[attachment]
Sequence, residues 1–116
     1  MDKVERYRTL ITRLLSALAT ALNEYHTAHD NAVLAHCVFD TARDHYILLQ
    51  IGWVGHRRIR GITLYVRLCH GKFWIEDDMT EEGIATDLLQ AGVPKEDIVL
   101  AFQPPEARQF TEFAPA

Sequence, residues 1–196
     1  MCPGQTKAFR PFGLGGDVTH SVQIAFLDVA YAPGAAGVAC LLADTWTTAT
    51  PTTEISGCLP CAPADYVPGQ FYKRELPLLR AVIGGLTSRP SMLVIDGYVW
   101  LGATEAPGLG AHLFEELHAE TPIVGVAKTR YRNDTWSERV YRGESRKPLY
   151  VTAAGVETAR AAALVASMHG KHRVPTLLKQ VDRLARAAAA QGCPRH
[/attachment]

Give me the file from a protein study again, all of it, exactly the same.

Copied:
Sequence, residues 1–116
     1  MDKVERYRTL ITRLLSALAT ALNEYHTAHD NAVLAHCVFD TARDHYILLQ
    51  IGWVGHRRIR GITLYVRLCH GKFWIEDDMT EEGIATDLLQ AGVPKEDIVL
   101  AFQPPEARQF TEFAPA

Sequence, residues 1–196
     1  MCPGQTKAFR PFGLGGDVTH SVQIAFLDVA YAPGAAGVAC LLADTWTTAT
    51  PTTEISGCLP CAPADYVPGQ FYKRELPLLR AVIGGLTSRP SMLVIDGYVW
   101  LGATEAPGLG AHLFEELHAE TPIVGVAKTR YRNDTWSERV YRGESRKPLY
   151  VTAAGVETAR AAALVASMHG KHRVPTLLKQ VDRLARAAAA QGCPRH